Here’s where we’re heading. Where are the lines drawn between the right to work, the right to hire (or not hire) and the right to privacy?
A third problem is that employers, increasingly will not hire people who engage in activities that increase the probability of high health costs. For example, Turner Broadcasting System, Inc. (parent of Cable News Network) is one of about 6,000 companies that refuses to hire smokers. Multi-Developers won?t hire anyone who engages in high-risk activities such as skydiving, mountain climbing, motorcycling, or piloting a private aircraft. Other companies refuse to hire people who drink or who have high cholesterol levels.Of course, employers have the right to hire (or not hire) an individual. For example: prospective fire fighters must be able to perform certain physical activities. If they can’t, they’re disqualified for hire. But we’re talking about off-work legal activities here (not counting the medical conditions; I’ll get to that in a minute).
These restrictions have me wondering about a few things. What would happen if a company decided not to hire, say, black women for a given position because its superiors feared that a black female presence in that position would, for whatever reason, cost the company too much money? You know what the heck would happen. They’d be sued down to their smelly thongs.
So if smokers, skydivers and private pilots can’t get hired because of their legal recreational extracurricular activities, what’s next? Are people who have unprotected non-monogamous sex going to be banned from employment in some companies next? Boy, the feces would hit the fan in some quarters, wouldn't it?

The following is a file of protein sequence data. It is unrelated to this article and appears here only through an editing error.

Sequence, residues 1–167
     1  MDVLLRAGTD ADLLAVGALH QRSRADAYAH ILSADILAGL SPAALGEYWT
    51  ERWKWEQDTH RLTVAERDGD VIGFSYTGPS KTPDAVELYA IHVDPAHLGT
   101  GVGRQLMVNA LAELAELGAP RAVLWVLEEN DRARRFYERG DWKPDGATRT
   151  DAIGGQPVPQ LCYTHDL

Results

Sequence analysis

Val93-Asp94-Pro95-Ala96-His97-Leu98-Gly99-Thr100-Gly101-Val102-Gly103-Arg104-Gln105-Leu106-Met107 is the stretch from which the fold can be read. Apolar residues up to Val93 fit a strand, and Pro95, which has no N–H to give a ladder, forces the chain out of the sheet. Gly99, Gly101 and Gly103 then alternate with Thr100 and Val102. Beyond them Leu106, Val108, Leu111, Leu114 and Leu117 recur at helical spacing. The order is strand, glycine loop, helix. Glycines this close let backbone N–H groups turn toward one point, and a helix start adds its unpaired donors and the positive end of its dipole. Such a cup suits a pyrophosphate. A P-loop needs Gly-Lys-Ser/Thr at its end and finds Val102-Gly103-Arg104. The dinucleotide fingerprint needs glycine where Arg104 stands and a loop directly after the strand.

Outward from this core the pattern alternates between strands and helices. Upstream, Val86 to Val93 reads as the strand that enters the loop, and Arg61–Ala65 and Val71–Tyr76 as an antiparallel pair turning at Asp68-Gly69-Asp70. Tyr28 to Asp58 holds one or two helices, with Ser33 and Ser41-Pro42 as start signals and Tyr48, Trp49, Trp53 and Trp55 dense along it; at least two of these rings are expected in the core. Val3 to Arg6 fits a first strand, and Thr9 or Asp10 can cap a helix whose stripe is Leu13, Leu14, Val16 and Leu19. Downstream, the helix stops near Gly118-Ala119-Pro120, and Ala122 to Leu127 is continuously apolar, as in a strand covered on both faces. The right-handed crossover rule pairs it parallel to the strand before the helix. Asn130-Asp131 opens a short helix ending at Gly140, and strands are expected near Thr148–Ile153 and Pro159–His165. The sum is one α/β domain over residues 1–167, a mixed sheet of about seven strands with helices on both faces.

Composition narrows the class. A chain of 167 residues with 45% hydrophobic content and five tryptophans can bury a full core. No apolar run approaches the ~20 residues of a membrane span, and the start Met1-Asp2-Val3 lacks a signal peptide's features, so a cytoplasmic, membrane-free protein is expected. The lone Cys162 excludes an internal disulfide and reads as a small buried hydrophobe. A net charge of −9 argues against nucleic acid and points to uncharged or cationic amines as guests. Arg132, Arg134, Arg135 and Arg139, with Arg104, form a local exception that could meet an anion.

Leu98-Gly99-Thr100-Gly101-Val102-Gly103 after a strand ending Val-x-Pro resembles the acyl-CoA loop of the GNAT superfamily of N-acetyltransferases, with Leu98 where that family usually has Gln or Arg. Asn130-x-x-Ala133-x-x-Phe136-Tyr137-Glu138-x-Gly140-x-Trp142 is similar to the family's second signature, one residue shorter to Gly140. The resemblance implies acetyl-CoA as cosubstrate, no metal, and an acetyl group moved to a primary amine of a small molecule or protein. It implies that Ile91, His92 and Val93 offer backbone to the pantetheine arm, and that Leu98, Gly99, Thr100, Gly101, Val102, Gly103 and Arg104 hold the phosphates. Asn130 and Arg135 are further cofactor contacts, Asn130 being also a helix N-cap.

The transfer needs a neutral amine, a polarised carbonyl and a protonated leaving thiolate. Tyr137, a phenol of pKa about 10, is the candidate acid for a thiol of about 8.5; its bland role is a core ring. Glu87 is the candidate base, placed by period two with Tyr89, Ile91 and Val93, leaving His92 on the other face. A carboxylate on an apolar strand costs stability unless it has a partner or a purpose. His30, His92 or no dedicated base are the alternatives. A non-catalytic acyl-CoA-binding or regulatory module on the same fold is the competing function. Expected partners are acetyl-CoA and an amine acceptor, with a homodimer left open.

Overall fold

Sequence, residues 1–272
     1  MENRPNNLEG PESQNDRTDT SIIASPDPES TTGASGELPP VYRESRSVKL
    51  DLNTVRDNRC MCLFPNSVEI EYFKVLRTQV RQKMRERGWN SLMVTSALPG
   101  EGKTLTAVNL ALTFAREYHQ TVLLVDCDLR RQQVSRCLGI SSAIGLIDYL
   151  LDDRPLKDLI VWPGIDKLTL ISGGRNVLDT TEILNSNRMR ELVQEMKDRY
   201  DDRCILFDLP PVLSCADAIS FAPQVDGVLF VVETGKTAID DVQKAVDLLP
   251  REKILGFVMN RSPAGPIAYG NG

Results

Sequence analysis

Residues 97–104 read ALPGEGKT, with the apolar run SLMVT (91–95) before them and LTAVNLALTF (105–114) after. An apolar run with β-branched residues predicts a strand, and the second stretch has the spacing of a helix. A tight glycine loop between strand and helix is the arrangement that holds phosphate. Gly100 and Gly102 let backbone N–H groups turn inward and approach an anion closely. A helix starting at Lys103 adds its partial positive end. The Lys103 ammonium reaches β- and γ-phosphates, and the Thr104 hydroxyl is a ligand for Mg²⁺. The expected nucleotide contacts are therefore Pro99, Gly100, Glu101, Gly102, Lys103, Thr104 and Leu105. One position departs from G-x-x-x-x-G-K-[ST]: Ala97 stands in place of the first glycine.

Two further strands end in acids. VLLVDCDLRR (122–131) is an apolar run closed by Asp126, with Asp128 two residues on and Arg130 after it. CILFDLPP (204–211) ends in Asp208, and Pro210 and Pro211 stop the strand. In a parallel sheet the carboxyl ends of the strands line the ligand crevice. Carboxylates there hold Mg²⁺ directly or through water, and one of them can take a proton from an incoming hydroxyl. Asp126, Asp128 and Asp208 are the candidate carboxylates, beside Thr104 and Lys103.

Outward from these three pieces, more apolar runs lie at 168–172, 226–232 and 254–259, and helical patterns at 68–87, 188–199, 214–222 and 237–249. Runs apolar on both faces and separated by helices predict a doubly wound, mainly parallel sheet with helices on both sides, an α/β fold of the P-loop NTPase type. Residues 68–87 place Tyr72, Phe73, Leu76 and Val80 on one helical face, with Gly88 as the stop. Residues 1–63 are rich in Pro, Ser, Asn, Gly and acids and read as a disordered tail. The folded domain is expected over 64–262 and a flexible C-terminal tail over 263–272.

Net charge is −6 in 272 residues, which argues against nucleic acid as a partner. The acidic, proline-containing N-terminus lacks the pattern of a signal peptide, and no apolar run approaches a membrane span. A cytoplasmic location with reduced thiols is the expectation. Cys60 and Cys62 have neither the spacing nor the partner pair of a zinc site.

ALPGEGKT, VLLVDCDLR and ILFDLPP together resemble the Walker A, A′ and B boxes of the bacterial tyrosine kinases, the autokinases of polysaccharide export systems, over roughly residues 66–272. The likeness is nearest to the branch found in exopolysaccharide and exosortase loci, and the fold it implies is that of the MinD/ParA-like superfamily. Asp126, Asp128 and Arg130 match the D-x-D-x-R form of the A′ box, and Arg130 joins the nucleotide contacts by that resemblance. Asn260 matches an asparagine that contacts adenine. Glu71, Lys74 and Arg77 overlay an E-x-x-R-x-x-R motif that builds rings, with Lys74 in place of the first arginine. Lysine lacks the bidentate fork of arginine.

People can definitely lie about these things, so my next question is this: if a person lies about, say, tossing back that occasional beer or two and, assuming the employer doesn’t find out about it, until, say, twenty years down the road and fires the “perp,” does the ex-employee have a cause of action? Will these employers hire private investigators to follow its employees around to ensure that they aren’t engaging in any of the prohibited legal activity? Will they be dumpster diving in your backyard to find that empty bottle of Jack Daniels?
And the final question: wouldn’t being banned from employment for have high cholesterol –or high blood pressure or diabetes--qualify a person for some sort of assistance? And aren’t alcoholism and smoking cigarettes addictions, and, therefore, illnesses? If a guy with a PhD can’t get hired because he likes his Marlboros and his scotch whiskey, where’s his government aid?
I guess I’m wondering how far this sort of thing will go. One could argue that this sort of thing makes the case for socialized medicine. My experiences with socialized medicine (military) have been good, for the most part, though there are many provable horror stories. Canadian socialized medicine, however, gives us an example of how such an institution might work (or not work) in a more socially heterogeneous culture than the military.
Who knows? The next time you apply for a job, you could be turned down for admitting to the consumption of hamburgers; mad-cow disease and all that.
See you later. I’m going to get a double-double at In-N-Out (mmmm) and ruin my chances for gainful employment.